She Laughed at the Days to Come


One of my earliest memories of my mother is an image of her doing many things at once. She would rock my baby sister to sleep while giving me instructions (in song) on folding socks. I realize now that she was soothing, singing, rocking, supervising, entertaining and teaching all in that one moment, and I can still hear her voice crooning something like, “Those socks are Daddy’s, that sock is Joey’s” to the tune of “Lavender’s Blue.”

Today I still live with my mom and we still fold laundry together. She still needs coffee to start her day and often a nap is scheduled into the afternoon. Sundays are for long talks at the picnic table, more naps and maybe a funny movie in the evening.

But she’s part of a long line of hardworking women.

She worked long hours at the pharmacy before she became a mom, unexpectedly, in her first year of marriage. She then set out to raise nine children and is hard at work snuggling her second grandchild this year. She put us in school, pulled us out and homeschooled all nine of us. She always says that she and my dad both went through medical school, even though he’s the doctor, and she’s helped him manage a cattle ranch, a myriad of small businesses, an orphanage of over a hundred children, a non-profit or two, a busy family of eleven and innumerable DIY home improvement projects.

Even though my mom stayed at home from the time my oldest brother was born, she has worked every day of her life. Or, perhaps I should say, because my mom decided to stay home, she has had to work every day.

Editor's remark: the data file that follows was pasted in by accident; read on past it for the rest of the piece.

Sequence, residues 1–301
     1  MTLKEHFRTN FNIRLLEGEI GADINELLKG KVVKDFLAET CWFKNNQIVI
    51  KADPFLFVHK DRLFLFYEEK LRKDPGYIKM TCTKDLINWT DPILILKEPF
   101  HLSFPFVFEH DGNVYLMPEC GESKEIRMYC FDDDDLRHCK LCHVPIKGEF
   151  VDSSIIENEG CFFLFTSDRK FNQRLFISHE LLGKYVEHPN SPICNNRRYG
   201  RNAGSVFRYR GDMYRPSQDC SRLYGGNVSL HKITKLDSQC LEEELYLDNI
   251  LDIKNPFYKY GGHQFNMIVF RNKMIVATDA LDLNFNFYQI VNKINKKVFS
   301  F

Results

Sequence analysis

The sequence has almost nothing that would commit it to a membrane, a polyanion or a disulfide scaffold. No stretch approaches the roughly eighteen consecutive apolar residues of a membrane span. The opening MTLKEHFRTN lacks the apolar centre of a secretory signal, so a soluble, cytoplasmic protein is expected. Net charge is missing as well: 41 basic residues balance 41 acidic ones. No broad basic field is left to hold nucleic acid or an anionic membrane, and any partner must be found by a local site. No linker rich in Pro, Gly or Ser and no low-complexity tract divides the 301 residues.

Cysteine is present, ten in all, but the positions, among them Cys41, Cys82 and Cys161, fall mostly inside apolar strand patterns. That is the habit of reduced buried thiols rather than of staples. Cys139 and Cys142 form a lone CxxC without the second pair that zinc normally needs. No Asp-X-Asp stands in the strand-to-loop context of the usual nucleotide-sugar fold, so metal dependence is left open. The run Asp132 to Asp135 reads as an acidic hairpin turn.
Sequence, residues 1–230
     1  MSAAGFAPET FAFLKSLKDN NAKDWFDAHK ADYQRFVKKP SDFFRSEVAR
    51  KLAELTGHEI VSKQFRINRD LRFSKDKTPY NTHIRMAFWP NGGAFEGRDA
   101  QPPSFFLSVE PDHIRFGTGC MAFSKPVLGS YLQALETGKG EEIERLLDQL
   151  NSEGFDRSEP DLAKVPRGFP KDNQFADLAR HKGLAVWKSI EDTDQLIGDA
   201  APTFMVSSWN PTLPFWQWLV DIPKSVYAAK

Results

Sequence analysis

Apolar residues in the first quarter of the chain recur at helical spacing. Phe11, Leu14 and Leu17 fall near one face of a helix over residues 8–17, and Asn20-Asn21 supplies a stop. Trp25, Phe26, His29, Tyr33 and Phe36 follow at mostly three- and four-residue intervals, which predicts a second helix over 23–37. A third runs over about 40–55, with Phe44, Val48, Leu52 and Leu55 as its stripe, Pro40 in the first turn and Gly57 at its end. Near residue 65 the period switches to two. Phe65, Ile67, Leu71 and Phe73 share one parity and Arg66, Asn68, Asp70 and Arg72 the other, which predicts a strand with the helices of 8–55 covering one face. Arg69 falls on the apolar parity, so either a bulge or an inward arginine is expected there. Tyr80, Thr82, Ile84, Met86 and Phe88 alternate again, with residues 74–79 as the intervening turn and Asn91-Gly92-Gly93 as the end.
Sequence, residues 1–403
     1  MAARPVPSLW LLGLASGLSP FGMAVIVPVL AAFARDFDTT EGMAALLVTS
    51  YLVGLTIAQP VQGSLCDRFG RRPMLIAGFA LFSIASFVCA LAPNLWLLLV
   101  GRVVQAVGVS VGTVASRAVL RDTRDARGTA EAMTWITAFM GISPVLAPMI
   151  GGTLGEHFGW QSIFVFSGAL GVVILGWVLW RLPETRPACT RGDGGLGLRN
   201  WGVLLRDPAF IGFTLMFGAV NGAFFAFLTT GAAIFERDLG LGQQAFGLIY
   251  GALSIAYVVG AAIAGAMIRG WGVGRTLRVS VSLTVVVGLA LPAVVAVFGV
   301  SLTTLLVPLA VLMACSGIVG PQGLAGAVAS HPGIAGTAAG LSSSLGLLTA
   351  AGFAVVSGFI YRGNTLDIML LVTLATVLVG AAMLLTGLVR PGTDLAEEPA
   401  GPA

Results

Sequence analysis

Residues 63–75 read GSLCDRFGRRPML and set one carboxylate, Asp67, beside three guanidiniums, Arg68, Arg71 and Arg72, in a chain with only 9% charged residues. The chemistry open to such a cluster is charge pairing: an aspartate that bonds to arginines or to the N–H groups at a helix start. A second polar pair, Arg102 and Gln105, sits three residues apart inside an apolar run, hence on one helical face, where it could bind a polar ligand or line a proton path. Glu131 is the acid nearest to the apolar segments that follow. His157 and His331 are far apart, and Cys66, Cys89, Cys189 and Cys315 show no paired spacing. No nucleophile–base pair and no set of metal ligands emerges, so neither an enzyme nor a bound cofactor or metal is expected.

Diapers and feedings and laundry wait for no man (or woman!) and being a mom truly is a 24/7 job.

Her mom (my “Mema”) is one of the hardest workers I know. When she was fifteen, she started taking a series of city buses to downtown Houston for her job. She even drove herself to the DPS office to get her license! She worked in department stores and as a bank teller, she accompanied my grandfather on insurance adjusting jobs (chasing storms!) when he was in that line and brought food to the fields when he and his brothers were rice farmers. She too took on the challenging job of bearing and raising children, one boy and four girls, and keeping a home. Today she and my grandfather continue to lovingly serve our family by acting as secondary caregivers for my teenage cousin who has special needs, but before that they cared for Mema’s mother, whom we called Mema Ward.